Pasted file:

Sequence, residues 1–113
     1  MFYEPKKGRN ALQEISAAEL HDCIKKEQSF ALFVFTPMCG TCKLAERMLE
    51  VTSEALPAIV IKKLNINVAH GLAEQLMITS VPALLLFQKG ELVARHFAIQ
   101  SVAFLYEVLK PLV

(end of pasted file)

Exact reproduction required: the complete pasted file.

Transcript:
Sequence, residues 1–113
     1  MFYEPKKGRN ALQEISAAEL HDCIKKEQSF ALFVFTPMCG TCKLAERMLE
    51  VTSEALPAIV IKKLNINVAH GLAEQLMITS VPALLLFQKG ELVARHFAIQ
   101  SVAFLYEVLK PLV